Damian Dlugolecki - String Maker

Mounting a violin in modern set-up
Mounting a violin in modern set-up with gut strings requires no changes to the instrument or bridge. The violin must, however, be equipped with a Hill style tailpiece which has a round hole for each string with a slot forward to where a saddle spans the width of the tailpiece. The string must have a knot at the end to secure it in the tailpiece. I can supply the strings knotted and ready to use and it is best to ask for this service particularly if you are new to gut strings.

First remove any tuners that are installed onto the tailpiece. This is easily done by unscrewing a knurled nut from under the tailpiece which allows removal of the entire tuner assembly.

Mount the strings one at a time, inserting the string either up through the bottom of the tailpiece; or knot-first through the top of the tailpiece. Put the end of the string through the hole in the peg and then wind away from the peg handle 2-4 turns; then cross the string over the turns and resume winding so that the wraps wind towards the wall of the scroll. Be sure the string is properly seated in the tailpiece before winding the string taut.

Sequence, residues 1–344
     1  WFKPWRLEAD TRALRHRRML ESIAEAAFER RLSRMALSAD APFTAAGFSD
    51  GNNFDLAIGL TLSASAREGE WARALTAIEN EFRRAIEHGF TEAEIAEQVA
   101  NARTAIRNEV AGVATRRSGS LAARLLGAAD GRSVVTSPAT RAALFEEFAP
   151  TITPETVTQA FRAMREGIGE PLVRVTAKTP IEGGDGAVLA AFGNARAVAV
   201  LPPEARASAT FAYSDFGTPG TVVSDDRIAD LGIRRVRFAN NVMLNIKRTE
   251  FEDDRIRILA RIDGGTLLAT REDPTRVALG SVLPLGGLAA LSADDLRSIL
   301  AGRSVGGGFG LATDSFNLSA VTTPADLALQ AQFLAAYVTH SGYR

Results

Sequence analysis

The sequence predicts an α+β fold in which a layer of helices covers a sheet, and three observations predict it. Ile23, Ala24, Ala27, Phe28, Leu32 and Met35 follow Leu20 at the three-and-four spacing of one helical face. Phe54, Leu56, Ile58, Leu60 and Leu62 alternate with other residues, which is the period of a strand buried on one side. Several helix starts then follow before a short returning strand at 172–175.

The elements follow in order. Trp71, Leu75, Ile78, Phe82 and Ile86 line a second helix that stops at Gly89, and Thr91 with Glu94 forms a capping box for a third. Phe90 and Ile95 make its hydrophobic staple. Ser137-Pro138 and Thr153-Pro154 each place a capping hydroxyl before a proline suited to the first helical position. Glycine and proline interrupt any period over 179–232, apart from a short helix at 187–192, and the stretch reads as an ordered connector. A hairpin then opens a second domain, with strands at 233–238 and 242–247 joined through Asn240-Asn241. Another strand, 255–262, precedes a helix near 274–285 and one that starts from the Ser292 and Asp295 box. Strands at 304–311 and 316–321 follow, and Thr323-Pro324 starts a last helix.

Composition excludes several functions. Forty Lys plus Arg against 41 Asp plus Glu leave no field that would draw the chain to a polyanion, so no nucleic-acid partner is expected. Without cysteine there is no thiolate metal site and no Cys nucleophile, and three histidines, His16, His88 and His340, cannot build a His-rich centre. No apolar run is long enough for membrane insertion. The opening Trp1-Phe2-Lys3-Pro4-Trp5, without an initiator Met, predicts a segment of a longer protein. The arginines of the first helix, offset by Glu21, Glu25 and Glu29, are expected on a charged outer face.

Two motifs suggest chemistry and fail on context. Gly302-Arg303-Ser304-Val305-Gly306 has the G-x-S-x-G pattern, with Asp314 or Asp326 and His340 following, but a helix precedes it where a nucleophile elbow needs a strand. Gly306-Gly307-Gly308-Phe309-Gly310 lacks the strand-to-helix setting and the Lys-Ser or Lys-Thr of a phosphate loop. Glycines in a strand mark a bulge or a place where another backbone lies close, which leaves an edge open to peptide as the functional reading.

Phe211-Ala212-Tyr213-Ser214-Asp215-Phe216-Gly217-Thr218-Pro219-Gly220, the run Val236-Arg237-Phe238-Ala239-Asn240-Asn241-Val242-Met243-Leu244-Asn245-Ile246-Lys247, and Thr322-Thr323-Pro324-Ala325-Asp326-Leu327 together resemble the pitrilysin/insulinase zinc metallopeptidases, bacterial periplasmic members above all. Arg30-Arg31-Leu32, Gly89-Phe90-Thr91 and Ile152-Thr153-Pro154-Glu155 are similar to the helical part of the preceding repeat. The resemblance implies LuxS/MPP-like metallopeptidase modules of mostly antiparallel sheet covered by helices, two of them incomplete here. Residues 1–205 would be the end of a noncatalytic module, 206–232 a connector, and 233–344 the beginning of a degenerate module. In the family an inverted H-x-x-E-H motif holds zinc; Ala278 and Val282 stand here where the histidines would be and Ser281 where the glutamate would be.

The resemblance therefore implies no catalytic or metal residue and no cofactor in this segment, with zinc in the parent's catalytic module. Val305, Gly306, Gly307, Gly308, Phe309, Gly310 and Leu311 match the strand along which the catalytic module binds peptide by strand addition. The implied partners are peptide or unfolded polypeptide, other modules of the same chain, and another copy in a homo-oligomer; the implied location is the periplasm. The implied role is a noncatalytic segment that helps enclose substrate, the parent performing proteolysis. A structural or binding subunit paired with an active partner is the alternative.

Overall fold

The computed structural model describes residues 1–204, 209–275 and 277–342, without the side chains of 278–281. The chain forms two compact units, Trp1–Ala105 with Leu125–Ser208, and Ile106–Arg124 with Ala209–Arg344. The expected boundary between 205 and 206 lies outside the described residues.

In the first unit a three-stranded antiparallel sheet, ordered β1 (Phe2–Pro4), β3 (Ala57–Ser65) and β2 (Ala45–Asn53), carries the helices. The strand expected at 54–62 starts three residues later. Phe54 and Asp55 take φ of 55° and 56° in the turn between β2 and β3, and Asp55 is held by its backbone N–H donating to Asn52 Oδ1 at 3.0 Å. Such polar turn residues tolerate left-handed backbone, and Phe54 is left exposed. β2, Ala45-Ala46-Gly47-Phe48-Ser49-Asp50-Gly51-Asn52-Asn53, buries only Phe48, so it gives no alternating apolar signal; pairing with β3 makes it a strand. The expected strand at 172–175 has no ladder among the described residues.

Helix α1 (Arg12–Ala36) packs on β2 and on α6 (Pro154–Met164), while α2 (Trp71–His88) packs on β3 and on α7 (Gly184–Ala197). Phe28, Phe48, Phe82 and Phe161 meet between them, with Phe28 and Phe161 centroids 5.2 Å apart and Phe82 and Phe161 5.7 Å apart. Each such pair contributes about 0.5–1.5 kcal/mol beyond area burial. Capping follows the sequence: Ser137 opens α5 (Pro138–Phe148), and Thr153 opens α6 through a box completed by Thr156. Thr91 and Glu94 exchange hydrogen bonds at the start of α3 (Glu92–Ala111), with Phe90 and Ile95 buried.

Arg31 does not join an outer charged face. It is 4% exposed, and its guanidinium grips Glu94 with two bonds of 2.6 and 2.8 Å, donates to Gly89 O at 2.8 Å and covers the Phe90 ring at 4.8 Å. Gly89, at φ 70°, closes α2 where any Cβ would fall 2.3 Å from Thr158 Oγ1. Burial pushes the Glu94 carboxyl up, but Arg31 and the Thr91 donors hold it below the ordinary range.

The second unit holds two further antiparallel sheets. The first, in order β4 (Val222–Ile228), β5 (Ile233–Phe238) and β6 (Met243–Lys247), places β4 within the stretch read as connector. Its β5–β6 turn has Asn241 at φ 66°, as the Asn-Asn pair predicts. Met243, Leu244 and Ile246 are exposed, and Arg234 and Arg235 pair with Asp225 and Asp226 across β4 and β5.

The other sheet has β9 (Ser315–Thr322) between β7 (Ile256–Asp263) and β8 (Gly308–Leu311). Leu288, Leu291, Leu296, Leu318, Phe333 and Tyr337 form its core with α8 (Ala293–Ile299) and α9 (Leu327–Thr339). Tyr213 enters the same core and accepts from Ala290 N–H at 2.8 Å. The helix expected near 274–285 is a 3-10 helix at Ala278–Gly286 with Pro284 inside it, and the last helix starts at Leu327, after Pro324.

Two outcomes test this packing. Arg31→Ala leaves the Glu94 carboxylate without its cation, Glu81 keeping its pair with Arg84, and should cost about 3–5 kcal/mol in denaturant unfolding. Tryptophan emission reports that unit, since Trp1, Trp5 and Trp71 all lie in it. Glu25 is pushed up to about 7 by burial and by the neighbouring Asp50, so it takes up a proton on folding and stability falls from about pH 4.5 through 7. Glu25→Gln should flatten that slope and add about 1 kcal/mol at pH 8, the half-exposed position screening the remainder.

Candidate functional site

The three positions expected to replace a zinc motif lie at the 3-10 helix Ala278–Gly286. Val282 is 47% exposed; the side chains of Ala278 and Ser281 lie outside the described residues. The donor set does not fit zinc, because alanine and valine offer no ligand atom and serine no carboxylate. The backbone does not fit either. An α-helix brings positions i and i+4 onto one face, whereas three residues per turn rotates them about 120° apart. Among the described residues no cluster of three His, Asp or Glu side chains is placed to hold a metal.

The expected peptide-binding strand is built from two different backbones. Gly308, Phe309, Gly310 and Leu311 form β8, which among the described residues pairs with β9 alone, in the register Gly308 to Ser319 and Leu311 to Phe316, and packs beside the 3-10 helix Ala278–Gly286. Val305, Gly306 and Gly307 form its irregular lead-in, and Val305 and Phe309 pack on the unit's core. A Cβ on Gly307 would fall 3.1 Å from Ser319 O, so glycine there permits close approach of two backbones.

As the string is wound closer to pitch it is best to push up on the string at the bridge. This is done by placing a finger on either side of the bridge underneath the strings then pushing up on the string so that it momentarily loses contact with the bridge. This serves to distribute tension equally along the entire length of the string and relieves the build-up of friction between bridge and string. It is good to do this from time to time as the strings are stretching.

Keep your left hand dry as you play. Moisture, more than anything leads to the fraying of strings. If you were to keep your left hand entirely dry it would be theoretically possible for the strings to last for many months.

To get the optimum resonance from your violin check to make sure that the lengths of string between the tailpiece and the bridge are the proper length to assure consonant resonance with the playing length. Dis-intonation of these lengths is often the cause of "wolf tones." The distance should be 1/6 of the playing length. You can test this by ear by plucking the e" string and then plucking the a' string between the tailpiece and bridge. The pitch of the tailpiece length for the a' string should be three octaves above the open e" string. If the pitch is sharp, the tailpiece needs to be stationed further from the bridge. If the pitch is flat, the tailpiece needs to be placed closer to the bridge. When everything is in tune your violin will ring more and have a bigger sound.

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